KINGSTON, R.I. – October 19, 2016 — Saru Jayaraman, a food labor researcher at the University of California-Berkeley and co-director of Restaurant Opportunities Centers United, will speak Tuesday, Oct. 25, at the URI Honors Colloquium, “Inequality and the American Dream.”
Jayaraman, who co-founded Restaurant Opportunities Centers United, will discuss how low-wage, tip-based employment disproportionately affects women and minorities at the free public lecture at 7 p.m. in Edwards Hall, 64 Upper College Road.
Jayaraman, together with displaced World Trade Center workers, co-founded the organization after the terror attacks of Sept. 11, 2001. Restaurant Opportunities Centers United now has more than 18,000 worker members, 200 employer partners, and several thousand consumer members in a dozen states nationwide. The story of Jayaraman and her co-founder’s work building the organization has been chronicled in the book The Accidental American.
Jayaraman will speak at URI about the fact that while the restaurant industry is one of the largest and fastest growing sectors of the American economy, it is also the lowest paying, and has been since restaurant owners were allowed to hire free slaves after the Emancipation Proclamation of 1863 for no pay, forcing them to live on customer tips.
Tip-earning employment has persisted to this day, affecting more than 11 million workers. As such, Jayaraman and Restaurant Opportunities Centers United advocate for One Fair Wage legislation, which would eliminate the lower minimum wage for workers who earn tips. Such legislation is working its way through government in eight states and the U.S. Congress.
The University asked her a few questions about her work and her upcoming lecture:
Q: What sparked the idea to found Restaurant Opportunities Centers United and what was your biggest challenge getting it off the ground?
A: We founded Restaurant Opportunities Centers United after the terror attacks of September 11 together with displaced World Trade Center restaurant workers as a relief center. It quickly grew into so much more as a result of demand — there had never been a center for restaurant workers before in New York City.
Q: How did you end up pursuing a career path that involved researching the food labor industry?
A: September 11 landed me in the restaurant industry, and that was the start of looking at food labor.
Q: Given its roots in slavery, why do you think low-wage tip employment continues to this day?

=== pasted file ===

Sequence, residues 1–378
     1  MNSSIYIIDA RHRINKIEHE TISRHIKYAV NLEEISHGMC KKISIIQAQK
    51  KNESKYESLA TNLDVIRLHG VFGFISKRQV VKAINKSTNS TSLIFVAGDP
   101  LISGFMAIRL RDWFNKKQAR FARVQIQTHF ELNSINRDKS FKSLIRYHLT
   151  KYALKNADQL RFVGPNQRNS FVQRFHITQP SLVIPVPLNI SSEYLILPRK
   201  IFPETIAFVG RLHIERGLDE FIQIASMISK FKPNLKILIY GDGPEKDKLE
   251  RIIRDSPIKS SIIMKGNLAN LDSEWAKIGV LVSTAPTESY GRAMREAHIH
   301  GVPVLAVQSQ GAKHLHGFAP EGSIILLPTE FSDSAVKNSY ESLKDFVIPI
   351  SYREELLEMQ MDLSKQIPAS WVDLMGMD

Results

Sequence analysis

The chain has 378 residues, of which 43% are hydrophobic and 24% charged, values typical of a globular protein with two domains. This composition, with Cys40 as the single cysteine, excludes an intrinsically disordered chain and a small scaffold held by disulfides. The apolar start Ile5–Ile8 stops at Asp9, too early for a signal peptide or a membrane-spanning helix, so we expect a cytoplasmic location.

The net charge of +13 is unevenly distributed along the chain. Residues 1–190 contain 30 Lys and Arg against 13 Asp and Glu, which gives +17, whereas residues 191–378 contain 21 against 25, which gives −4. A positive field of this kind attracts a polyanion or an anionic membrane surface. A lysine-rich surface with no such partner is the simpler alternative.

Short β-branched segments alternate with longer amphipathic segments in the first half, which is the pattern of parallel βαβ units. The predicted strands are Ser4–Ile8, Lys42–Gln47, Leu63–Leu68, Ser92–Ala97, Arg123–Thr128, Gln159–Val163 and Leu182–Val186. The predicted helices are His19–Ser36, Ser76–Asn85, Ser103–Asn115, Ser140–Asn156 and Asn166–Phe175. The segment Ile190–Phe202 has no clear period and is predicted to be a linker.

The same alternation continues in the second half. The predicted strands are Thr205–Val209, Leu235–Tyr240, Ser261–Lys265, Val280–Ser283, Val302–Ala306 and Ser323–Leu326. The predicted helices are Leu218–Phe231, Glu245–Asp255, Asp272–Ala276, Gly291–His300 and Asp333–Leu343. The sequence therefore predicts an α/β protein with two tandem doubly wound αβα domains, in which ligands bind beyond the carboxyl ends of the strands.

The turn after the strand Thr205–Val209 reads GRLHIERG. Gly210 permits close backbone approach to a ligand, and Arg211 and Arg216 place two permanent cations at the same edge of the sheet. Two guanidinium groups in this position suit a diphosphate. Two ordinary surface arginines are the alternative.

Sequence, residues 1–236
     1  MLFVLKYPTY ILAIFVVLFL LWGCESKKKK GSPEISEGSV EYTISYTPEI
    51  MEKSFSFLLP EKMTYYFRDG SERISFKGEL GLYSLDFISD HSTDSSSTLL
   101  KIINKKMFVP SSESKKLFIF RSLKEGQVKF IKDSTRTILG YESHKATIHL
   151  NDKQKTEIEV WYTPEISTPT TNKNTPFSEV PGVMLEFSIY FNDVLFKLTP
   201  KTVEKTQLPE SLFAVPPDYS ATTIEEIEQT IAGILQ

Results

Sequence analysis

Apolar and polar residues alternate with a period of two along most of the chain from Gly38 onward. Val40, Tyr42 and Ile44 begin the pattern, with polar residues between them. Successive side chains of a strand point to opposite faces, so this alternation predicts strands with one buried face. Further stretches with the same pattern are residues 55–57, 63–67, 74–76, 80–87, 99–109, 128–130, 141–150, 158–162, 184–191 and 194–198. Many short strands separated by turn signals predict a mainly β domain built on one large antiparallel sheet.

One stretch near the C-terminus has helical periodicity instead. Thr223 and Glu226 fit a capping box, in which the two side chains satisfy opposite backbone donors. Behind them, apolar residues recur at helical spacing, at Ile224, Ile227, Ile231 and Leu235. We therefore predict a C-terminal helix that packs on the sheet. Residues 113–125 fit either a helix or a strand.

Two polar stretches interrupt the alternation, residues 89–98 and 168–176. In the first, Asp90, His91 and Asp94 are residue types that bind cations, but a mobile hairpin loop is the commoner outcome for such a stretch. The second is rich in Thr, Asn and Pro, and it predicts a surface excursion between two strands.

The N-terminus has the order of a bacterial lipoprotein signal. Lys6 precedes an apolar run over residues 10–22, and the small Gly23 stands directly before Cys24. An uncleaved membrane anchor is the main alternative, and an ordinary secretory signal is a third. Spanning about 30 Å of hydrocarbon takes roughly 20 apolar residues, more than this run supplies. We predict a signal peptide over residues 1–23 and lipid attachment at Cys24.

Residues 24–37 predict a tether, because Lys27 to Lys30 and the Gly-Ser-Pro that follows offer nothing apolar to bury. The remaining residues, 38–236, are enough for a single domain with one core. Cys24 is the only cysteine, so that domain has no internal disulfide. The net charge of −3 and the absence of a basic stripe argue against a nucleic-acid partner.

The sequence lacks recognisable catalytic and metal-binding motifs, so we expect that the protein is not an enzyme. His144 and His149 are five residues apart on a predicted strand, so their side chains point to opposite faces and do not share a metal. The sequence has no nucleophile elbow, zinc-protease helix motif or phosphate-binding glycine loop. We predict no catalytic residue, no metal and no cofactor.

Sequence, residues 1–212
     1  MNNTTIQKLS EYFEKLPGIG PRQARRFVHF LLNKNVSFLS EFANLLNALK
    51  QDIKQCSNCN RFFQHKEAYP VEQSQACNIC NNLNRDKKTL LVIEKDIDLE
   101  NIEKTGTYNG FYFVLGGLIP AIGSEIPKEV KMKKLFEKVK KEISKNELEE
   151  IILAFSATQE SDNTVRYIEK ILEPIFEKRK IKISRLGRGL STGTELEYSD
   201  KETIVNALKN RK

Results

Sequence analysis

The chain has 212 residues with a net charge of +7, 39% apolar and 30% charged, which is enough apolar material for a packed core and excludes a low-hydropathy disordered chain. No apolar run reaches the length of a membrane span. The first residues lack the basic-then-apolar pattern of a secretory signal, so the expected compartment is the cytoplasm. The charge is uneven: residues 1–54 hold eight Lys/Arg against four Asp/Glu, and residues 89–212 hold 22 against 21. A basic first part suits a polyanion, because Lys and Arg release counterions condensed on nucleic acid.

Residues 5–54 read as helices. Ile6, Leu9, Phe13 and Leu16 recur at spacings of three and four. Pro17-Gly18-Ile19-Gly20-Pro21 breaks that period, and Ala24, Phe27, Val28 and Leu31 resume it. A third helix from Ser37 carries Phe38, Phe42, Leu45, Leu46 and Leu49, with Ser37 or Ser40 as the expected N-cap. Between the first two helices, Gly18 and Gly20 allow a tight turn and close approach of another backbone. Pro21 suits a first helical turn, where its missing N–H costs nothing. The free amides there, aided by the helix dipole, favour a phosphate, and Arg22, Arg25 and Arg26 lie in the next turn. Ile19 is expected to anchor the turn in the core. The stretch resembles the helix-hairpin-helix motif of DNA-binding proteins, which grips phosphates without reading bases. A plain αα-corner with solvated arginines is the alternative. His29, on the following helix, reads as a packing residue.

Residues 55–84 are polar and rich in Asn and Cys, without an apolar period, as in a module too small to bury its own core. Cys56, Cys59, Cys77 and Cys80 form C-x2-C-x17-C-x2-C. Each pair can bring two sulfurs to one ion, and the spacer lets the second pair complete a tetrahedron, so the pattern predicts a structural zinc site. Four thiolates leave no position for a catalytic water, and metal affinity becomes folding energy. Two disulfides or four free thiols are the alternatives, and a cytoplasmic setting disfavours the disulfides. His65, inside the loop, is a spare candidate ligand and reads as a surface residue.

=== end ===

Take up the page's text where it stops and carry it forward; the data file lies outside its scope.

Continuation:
A: Money, power and the influence of the industry trade lobby.
Q: Does One Fair Wage legislation face a significant challenge from inertia, and the generally accepted American custom of tipping?
A: No. The campaign is not to eliminate tipping — it is to eliminate the lower wage for tipped workers. The seven states that have already done this face higher restaurant sales per capita, faster growth among servers and all restaurant workers, and higher rates of tipping than Rhode Island and the 43 states with lower wages for tipped workers. The challenge comes from the money, power and influence of the National Restaurant Association, which seeks to keep wages as low as inhumanely possible. Americans, when they learn about this issue, generally are outraged that their tips are subsidizing multi-million dollar corporations.
Q: How does low-wage tip employment disproportionately affect women and minorities?
A: Seventy percent of tipped workers in America are women, and disproportionately women of color. They face the worst sexual harassment of any industry because they have to tolerate inappropriate customer behavior to earn their income in tips.
Jayaraman authored national bestseller Behind the Kitchen Door, a groundbreaking exploration of the political, economic, and moral implications of dining out, and she has appeared on CNN with Soledad O’Brien, “Bill Moyers Journal” on PBS, “Melissa Harris-Perry” and “UP with Chris Hayes” on MSNBC, “Real Time with Bill Maher” on HBO, “The Today Show,” and NBC Nightly News with Brian Williams. Her most recent book is Forked: A New Standard for American Dining, published by Oxford University Press in 2016.
Jayaraman has been profiled by The New York Times more than once (most recently in February 2016), she earned a James Beard Foundation Leadership Award in 2015, and was recognized as a Champion of Change by the White House in 2014. She was listed among CNN’s “Top 10 Visionary Women” in 2014 and was named one of Crain’s “40 Under 40” in 2008. She is a graduate of Yale Law School and the Harvard University Kennedy School of Government.
URI Honors Colloquium
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